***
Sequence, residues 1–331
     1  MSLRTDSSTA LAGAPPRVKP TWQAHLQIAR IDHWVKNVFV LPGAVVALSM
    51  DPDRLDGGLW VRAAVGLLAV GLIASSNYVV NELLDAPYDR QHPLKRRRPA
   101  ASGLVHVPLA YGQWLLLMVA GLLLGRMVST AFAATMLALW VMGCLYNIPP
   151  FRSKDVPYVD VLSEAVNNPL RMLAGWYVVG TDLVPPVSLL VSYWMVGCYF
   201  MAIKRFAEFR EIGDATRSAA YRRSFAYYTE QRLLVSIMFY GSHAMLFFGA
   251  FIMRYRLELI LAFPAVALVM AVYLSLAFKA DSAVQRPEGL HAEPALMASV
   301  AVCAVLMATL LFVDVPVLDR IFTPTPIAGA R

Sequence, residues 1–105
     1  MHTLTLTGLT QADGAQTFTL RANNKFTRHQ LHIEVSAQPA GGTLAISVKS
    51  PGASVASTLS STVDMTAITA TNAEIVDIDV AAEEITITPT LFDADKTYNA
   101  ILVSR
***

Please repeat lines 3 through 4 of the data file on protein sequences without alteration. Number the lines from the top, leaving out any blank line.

    51  DPDRLDGGLW VRAAVGLLAV GLIASSNYVV NELLDAPYDR QHPLKRRRPA
   101  ASGLVHVPLA YGQWLLLMVA GLLLGRMVST AFAATMLALW VMGCLYNIPP